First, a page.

Maria’s Reading: Year of Yes

Shonda Rhimes the writer, producer, TV mogul, who owns Thursday Night, shares life changing lessons that most, even those who are not successful yet unhappy introverts, can find helpful. It all begins with her sister Delores mumbling under her breathe “you never say yes to anything” while preparing Thanksgiving dinner in 2013. Dolores had been listening to Shonda list all the fascinating invitations she had declined lately. The offhanded comment is explosive for Shonda who realizes after deep self-reflection that she is not enjoying her life even with all her amazing accomplishments, she’s burnt out. She decides to say yes to the things she fears the most for the next year.

The book reveals how Shonda a self-described introvert, “My marrow is introvert marrow. My snot is introvert snot”, overcomes her social anxiety to deliver on the self-prescribed commitment to say yes. She says yes to public speaking to be a guest on Kimmel, give the commencement speech at her alma mater Dartmouth plus other interviews and speeches. She says yes to well being and looses 117 pounds over the year while learning ways other than eating and drinking wine to handle stress. She learns to say “No” to things others want her to do, saying yes to her own sense of what is right for her shows and her life. She says yes to healthy relationships shedding harmful friendships and a fiancée. She says yes to love by joining in with any of her three daughters each time one asks “do you wanna play”.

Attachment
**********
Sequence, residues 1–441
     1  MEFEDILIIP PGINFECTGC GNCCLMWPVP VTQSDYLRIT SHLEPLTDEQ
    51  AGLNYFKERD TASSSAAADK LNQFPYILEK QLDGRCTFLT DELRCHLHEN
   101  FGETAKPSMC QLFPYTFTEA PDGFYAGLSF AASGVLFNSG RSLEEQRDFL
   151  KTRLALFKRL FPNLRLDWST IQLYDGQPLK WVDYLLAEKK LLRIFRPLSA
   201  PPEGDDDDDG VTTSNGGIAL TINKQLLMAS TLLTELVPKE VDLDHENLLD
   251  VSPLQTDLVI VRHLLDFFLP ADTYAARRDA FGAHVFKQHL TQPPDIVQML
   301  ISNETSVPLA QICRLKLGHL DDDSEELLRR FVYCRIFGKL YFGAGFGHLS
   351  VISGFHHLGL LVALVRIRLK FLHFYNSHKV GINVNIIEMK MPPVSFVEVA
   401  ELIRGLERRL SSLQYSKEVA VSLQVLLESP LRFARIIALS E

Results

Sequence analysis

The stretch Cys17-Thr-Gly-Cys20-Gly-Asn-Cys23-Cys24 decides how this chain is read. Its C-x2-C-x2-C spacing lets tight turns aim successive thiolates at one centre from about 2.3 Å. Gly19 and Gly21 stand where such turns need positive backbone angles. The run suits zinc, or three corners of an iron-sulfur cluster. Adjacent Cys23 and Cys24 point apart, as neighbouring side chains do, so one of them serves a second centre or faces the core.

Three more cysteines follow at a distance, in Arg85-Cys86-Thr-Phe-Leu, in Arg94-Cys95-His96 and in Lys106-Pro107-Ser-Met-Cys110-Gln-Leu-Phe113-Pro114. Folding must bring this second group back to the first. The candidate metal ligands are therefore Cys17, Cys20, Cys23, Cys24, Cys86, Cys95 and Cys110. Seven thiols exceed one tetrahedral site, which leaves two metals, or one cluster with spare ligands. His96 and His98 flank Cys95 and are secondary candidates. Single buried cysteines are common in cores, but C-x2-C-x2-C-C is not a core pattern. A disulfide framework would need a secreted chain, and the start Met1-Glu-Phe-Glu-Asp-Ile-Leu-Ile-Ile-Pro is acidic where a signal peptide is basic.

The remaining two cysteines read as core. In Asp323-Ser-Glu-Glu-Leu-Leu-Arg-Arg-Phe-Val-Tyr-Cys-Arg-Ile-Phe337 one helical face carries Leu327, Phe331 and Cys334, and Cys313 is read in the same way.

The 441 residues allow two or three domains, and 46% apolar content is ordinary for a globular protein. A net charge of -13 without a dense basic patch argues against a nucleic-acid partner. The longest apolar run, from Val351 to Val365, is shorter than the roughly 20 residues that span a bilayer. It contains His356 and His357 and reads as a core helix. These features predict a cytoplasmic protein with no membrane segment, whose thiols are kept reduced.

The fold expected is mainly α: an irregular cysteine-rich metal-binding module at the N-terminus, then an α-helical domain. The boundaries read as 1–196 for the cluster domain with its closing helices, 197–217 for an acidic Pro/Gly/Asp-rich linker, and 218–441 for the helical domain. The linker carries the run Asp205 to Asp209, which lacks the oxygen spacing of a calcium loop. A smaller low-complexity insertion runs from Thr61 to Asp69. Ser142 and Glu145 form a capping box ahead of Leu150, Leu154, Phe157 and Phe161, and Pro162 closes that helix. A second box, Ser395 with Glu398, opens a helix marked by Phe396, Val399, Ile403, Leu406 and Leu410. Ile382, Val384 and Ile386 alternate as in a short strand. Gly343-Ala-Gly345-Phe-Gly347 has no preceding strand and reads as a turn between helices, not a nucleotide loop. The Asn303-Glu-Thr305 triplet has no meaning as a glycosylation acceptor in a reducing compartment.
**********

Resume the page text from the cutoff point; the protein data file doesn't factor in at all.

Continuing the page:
I listened to the audio book of Year of Yes and I’m glad I did. There is a cadence to Rhimes’ storytelling of her experiences during the year that are best captured in her own voice rather than reading. In an amusingly self-effacing manner she shares her internal dialog allowing the reader to see her. Her experiences are shared from the perspective of as she refers to herself a “First, only different” read Black, woman, single parent, feminist. There were times I talked back to her audio book saying “I hear you girlfriend”. She owns that she is “a Type A, obsessive, workaholic, control freak…who is scary, psychotic competitive”. She is honest about her eating problems, the comfort she took in eating fried chicken and chocolate chip cookies. She also shares the horror she felt after loosing weight and realizing she could have killed herself with food. She is often repetitive and digresses for a while to comeback to making her point, but the take-away lessons are worth it.